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assumptions and sore hair ha ha ha
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Old 10-27-2009, 10:17 AM   #29
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Originally Posted by teejayevans View Post
You can play games with numbers, but mathjak's basic premise is correct.
For Roth:
(B*Tr)*Int where B is beginning balance, Tr is tax rate (ie 0.75 if in 25%
tax bracket), and Int is the interest rate return.
for IRA:
(B*Int)*Tr ....which is exactly the same as Roth.

The Roth allows you to invest more because you pay the taxes up front
before you deposit the money. Advantage Roth. So if in 20% tax bracket,
your $5k in the Roth costs $6K, so your total investment cost is more than
if you put the money into a regular IRA. So you have to remember this when comparing IRA vs Roth comparison.
Then it becomes a question of tax rates now or later.
TJ
a better comparison would be roth to 401k so you dont bump the 4k limit.

then you can do the 4000 into the roth and 1000 into prepayment of taxes vs the 5,000 in the 401k ..

you bump the max trying to compare roth to deductable ira and so part of the deductable ira investment would have to be made in a taxable account outside the ira.... in that case roth would fair slightly better
depending again on whether tax rates are higher or lower later on

so far it looks like ill pass on any conversions.... ill just keep funding the 401k
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Old 10-27-2009, 11:01 AM   #30
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a better comparison would be roth to 401k so you dont bump the 4k limit.

then you can do the 4000 into the roth and 1000 into prepayment of taxes vs the 5,000 in the 401k ..

you bump the max trying to compare roth to deductable ira and so part of the deductable ira investment would have to be made in a taxable account outside the ira.... in that case roth would fair slightly better
depending again on whether tax rates are higher or lower later on

so far it looks like ill pass on any conversions.... ill just keep funding the 401k
math, before i start to address what you are now saying let me ask you a question. are you only investing in tax advantaged ways? if not then my argument holds. in other words if you are doing any saving/investing in after tax accounts my argument holds.

in reviewing what you wrote since my post i see that you are changing alot of conditions of YOUR original example, changing tax rates, in essence changing returns (by changing the investment products), even you making a move. NONE of these things invalidate what i said since i stated the conditions up front.

and now in the post i quoted above you even change the TIRA to a 401k. well this is bogus. the reason to compare the TIRA to a roth is that if you contribute to 1 you are giving up the option of contributing to the other. this is not so when comparing the roth to a 401k and therefore your suggestion is not a "better comparison".

now getting back to that question i asked above, i submit that my handling of the example is more relevant to people saving for ER than your original 1 because people who are saving for ER will be saving more than what they can contribute to their ira (traditional or roth) and therefore they can max out their contribution to said ira, which ever 1 they choose to contribute to. and my example remains relevant when, after you have maxed out your 401k, you are still saving more money or in other words you are doing some non tax advantaged saving/investing.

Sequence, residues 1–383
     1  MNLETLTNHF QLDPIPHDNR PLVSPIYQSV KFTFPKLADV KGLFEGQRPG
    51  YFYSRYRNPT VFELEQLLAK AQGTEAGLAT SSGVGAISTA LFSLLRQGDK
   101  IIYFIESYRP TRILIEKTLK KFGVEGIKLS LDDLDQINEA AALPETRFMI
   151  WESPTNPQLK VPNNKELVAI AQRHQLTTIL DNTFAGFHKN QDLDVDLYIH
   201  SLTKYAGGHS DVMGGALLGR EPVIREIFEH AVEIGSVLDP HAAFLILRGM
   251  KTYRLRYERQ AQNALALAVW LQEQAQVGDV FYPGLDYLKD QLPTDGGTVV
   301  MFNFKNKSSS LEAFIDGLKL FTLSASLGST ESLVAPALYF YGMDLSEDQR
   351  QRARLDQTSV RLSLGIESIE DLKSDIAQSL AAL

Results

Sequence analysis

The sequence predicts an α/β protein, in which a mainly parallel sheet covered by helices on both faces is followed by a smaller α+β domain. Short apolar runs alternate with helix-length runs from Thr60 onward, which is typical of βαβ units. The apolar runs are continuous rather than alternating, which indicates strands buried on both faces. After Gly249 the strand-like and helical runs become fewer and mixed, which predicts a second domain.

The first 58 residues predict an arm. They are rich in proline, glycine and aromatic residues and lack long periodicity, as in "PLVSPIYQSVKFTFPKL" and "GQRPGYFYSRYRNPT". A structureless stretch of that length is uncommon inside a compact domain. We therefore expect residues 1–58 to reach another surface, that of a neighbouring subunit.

i am sorry you dont seem to like the result that my example shows but my example is still correct. (it also works for ira conversions, meaning if tax rates and investment returns are the same it pays to convert a TIRA to a roth provided you pay the taxes with non ira money.) i addressed a very simple statement you made with an equally simple example. this is not to say that all of the things you brought up since shouldnt be considered but what you brought up since doesnt disprove my example.
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Old 10-27-2009, 11:30 AM   #31
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i think you figured wrong but im not sure.... first question is why did you not figure it with all 4,000 in the ira and 3,000 in the roth which is 4,000 less the 1,000 tax. which is typically how it works out for a 4,000 layout .?
btw the answer to this question is i have been retired so long that i dont know (and didnt look up) what the max contribution is to an ira. however that said if your tax rates and investment yields are the same it pays more if you max out your roth when compared to maxing out your TIRA.
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Old 10-27-2009, 11:39 AM   #32
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the origional was just a general premise that a roth dosnt yield higher returns from the fact that the returns grow tax free... i was thinking in terms of a 4000.00 ira contibtuion vs a 4000 roth contribution where 3000 goes in the roth and 1000 to prepay taxes. that was my example... that way 4,000 came out in both cases. many folks have a limited amount of money they can contribute to their plan so what comes out of pocket is important.

in order to get 4000 into a roth they need to cough up about 5,000 of income.. to get 4,000 in a traditional ira growing they only need cough up about 3000.00 in income and 1,000 from their refund...

you introduced an example where the ira was maxed out , so in order to invest equal amounts you would have to invest 1000 bucks outside the ira.... in that case the taxes on the money outside the ira would be taxed only on the gains... yes the roth would fair better...

then we compared a roth to a 401k where you wouldnt bump the limit...

4,000 in the roth was the same out of pocket as 5000 in the 401k... again not 1 penny difference in net amounts at the end.

the only thing i saw as a flaw was i believe you took 250 bucks off the 1,0000 you were putting in the taxable investment in your example and i said that would be incorrect, you count all 1,000 as the investment as that was funded with your tax refund money.

we are both talking the same thing but your talking about what happens after you max an ira and i was talking putting in the same amounts out of pocket
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Old 10-27-2009, 12:57 PM   #33